Prince Rogers Nelson. Damn.

I'm unqualified to eulogize him, joining as I must a shocked, growing chorus of well-intentioned mourners grieving in reflection. I’ve plenty of memories, having picked up “1999” with my parents’ money in 1982-3 as a boy too young to handle the ride, but hell, I strapped in, anyway. That was two whole records of an education no dime-store suavecito could teach; truthfully, I had no business owning it, but I’m glad I did. The rest of my tale is suburban twaddle, so I’ll spare you the suburban details, except to say that his music has floored me, crushed me, stunned me, infuriated me, crippled me, splattered my brains and sometimes even disappointed me, but I loved and believed in him always.

Even at his most self-indulgent, he never made an album so awful I couldn’t revisit it later (well, maybe “Graffiti Bridge”) and discover what I missed the first time. Like “The Rainbow Children.” Remember? 2002-ish? Were you listening? I was. Slurpy, sloppy murk, sometimes akin to hearing a born-again Steely Dan while stirring from a velvet coma. Yeah, it’s a mess, but compelling nonetheless. Just last week I threw it on and appreciated that we still had artists who roamed whatever weird realm they pleased. Two years ago I tackled “Art Official Age,” and despite my initial confusion, something kept driving me back. I surrendered to its spirit eventually and gave up trying to solve its riddles. I’ll get around to his “HitnRUN”s (2015) someday. I’m just not ready yet. It’s hard enough to realize we’ve reached the end so soon.

David Bowie at least attempted to prepare us for the inevitable with “Blackstar” back in January: “Something happened on the day he died / Spirit rose a meter then stepped aside”; “Look up here, I’m in heaven”; “I know something is very wrong / The pulse returns the prodigal / The blackout hearts, the flowered news / With skull designs upon my shoes,” ad infinitum. Prince, though, seemed impervious to death, a dangerously ageless sprite with infinity in his DNA. He’d headline Armageddon, play the race out in 12 soaked encores, then ascend to another universe. (The papers say he was 57 years old — not by this planet’s standards, pal.)

Forgive the scattershot nature of this post, but I’m still wrestling with the news, still struggling to pinpoint why his death so affects me. He’s always been part of my life, true. Both I and my 20s crush Karenna Gore first heard the “m” verb on “Darling Nikki” in 1984, to our respective mothers’ horror. Mine just yelled at me; hers co-launched the Parent Music Resource Center and inadvertently made heroes of Frank Zappa and Twisted Sister’s Dee Snider. But our boy wasn’t political; he was too busy being naughty (not tee-hee naughty, but what-in-the-hell-is-he-doing-to-Apollonia-in-that- “Purple-Rain”-bedroom-scene raunchy), funky and dangerous at a time when such elements seemed tired and calculated.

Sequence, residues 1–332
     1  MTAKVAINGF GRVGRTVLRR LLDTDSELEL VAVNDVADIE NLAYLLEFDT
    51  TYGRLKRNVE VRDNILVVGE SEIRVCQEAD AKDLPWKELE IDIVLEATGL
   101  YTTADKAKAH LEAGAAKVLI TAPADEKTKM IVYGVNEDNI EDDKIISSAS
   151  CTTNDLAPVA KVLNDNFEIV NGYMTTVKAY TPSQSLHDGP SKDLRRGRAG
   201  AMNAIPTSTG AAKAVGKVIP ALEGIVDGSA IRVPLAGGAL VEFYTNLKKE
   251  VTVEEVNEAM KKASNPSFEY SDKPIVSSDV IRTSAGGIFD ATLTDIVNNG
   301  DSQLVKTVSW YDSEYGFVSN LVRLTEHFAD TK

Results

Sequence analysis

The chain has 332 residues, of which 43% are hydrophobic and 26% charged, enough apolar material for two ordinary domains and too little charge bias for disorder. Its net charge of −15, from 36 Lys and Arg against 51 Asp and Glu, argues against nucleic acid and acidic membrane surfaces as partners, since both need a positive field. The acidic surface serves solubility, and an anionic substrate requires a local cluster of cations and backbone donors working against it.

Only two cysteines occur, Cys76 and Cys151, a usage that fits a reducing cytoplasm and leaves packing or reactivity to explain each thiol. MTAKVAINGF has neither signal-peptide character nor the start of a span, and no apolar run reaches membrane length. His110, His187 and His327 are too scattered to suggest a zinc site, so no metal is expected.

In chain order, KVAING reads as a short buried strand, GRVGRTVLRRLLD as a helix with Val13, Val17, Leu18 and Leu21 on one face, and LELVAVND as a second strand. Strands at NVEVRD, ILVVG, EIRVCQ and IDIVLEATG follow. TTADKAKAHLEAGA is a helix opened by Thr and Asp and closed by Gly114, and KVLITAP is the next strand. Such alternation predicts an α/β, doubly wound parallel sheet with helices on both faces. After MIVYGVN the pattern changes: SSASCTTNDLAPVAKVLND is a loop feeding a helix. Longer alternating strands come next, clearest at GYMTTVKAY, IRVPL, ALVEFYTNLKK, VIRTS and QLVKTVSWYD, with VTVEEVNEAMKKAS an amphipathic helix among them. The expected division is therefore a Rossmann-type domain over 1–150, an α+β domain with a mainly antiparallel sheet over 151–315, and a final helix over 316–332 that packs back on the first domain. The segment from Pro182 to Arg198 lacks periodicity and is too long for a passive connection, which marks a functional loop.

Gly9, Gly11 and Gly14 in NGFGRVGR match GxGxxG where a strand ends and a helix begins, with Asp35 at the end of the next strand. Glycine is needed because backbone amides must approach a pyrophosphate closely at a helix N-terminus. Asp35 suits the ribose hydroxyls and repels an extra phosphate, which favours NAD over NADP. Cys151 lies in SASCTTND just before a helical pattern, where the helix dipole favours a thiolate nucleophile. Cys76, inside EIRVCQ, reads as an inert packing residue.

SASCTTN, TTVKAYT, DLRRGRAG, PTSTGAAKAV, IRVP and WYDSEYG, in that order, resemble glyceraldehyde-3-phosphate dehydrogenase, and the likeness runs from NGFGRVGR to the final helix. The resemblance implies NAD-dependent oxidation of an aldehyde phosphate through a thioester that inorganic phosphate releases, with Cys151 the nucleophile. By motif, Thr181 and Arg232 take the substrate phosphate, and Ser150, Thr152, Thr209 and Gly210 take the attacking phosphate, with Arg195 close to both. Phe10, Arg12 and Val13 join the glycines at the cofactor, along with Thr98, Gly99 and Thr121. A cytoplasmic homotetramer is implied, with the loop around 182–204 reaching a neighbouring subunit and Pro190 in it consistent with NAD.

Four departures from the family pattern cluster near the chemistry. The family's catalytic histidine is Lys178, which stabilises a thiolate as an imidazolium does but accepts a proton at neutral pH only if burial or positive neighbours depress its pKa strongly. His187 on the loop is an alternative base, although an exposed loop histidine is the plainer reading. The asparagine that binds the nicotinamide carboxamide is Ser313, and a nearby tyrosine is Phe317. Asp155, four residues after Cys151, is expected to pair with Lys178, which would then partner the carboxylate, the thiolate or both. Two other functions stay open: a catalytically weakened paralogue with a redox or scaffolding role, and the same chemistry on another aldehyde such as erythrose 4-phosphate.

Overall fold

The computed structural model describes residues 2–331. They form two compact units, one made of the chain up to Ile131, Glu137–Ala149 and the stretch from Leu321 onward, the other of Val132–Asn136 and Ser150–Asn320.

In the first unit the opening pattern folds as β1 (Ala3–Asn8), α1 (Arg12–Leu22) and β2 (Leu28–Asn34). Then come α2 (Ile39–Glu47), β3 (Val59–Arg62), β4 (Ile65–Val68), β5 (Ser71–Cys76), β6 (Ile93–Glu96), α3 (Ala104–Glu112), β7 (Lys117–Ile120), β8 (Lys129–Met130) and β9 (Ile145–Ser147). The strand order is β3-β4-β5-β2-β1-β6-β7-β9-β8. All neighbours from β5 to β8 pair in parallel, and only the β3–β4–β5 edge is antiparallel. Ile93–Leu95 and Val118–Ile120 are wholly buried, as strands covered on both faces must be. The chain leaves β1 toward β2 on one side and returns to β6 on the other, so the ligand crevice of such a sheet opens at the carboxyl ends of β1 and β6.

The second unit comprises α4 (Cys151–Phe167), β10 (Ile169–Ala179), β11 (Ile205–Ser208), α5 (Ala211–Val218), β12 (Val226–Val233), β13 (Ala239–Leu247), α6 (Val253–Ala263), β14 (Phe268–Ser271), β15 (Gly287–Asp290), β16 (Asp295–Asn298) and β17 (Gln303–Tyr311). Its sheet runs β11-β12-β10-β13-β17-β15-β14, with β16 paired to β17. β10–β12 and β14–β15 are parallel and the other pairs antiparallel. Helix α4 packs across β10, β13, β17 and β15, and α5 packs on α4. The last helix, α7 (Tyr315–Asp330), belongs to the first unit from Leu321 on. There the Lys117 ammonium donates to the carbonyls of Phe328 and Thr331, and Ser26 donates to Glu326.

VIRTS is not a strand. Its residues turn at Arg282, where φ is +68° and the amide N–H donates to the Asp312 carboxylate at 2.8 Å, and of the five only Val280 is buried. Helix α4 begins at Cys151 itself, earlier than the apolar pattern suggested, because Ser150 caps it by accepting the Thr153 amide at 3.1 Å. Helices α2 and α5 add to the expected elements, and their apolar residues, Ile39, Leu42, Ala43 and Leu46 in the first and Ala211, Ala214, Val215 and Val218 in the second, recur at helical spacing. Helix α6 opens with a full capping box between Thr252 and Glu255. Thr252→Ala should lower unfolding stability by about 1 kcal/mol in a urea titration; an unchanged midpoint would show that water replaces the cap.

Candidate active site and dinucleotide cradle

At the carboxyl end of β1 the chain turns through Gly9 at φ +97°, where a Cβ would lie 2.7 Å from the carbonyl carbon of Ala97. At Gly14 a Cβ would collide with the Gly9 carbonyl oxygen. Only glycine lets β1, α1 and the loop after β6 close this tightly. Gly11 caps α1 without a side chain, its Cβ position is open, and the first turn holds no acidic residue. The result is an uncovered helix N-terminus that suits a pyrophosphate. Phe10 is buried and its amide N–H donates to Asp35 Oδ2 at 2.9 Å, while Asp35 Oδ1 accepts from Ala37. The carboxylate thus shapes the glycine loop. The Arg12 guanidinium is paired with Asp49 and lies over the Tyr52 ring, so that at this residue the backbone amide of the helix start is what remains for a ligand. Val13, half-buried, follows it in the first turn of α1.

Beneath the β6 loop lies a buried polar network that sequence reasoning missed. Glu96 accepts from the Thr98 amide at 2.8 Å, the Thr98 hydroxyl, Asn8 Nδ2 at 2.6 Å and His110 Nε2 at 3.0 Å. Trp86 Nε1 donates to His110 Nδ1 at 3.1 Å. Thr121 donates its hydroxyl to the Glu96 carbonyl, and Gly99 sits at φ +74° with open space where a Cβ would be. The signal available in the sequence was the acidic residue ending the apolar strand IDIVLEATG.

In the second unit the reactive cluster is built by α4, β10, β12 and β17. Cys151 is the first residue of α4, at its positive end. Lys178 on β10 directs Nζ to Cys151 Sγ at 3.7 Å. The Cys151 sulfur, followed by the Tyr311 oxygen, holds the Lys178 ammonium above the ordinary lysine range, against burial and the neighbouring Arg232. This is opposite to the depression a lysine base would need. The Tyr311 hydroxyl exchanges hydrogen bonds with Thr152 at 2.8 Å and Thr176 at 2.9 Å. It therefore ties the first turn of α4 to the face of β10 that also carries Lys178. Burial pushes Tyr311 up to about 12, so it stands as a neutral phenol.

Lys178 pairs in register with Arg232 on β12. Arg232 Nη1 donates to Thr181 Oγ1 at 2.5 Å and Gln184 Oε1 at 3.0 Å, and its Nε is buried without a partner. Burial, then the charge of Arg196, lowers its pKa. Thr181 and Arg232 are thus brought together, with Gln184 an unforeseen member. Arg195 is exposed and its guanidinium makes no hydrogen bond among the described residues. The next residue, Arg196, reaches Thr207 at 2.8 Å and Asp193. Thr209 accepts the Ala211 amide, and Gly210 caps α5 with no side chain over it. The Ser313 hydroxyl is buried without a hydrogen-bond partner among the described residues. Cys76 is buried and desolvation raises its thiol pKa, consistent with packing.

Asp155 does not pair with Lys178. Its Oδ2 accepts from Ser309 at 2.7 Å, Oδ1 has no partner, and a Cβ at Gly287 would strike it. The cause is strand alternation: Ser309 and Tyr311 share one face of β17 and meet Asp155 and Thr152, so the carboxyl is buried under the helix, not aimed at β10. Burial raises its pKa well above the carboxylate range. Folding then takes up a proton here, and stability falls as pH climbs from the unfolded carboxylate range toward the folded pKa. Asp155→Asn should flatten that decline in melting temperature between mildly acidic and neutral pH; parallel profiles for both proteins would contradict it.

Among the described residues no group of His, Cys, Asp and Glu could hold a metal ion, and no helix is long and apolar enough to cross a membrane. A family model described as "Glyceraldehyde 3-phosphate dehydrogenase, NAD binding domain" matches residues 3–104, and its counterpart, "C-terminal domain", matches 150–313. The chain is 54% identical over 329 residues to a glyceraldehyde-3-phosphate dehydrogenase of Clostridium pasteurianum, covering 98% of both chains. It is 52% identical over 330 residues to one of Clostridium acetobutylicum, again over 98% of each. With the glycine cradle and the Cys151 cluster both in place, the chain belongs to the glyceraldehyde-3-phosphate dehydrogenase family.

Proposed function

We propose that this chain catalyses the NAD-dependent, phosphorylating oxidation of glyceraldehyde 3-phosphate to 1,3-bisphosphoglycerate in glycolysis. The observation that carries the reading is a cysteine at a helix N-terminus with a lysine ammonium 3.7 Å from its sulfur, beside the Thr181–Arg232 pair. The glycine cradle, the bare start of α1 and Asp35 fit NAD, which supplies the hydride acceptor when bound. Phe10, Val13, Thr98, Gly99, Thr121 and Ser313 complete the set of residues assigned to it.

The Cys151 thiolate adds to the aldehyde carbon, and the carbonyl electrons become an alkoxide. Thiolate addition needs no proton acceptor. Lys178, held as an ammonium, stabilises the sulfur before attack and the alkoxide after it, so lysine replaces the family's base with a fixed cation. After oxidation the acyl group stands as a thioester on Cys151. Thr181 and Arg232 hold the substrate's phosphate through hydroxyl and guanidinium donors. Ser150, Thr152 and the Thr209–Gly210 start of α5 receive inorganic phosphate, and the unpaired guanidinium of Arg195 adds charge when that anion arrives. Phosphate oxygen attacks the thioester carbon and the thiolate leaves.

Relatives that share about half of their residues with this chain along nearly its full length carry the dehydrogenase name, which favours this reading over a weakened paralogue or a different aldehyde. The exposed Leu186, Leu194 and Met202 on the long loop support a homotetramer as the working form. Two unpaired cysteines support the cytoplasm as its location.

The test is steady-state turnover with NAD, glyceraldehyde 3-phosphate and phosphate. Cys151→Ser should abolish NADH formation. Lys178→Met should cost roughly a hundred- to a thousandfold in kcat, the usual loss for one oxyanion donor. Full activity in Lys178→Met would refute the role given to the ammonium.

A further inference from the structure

Over the next 20 years, he changed his name to an unpronounceable symbol no standard keyboard technology could replicate, then changed it back because, hey, why not. Some of us futilely raged at his later work, but he did it, anyway, and really, who the hell were we to challenge his direction? People mocked his contentious relationship with the Internet while failing to realize he was protective of his art and owed them nothing for their affections.

Maybe that’s what I’ll miss most about him. He represents a vanishing breed of artist, the uncompromising kind indifferent to such hollow absurdities as “brand” in marketing jargon’s ever-advancing assault on creativity, twisting its definition into a perverse, almost craven need to please, to pander, to belong, to “matter.”

Funny thing is, Prince always mattered, even when we were sure he didn’t. And as of today, he matters even more, in a culture that, frankly, ain’t got enough gas without him.

Cory Frye’s favorite Prince songs remain “Little Red Corvette,” “Alphabet Street” (album version), “The Beautiful Ones,” the guitar solos that end both “Let’s Go Crazy” and Purple Rain,” and that performance of “Electric Chair” from the “Saturday Night Live” 15th anniversary special in 1989. He is also forever on the verge of being obscene.

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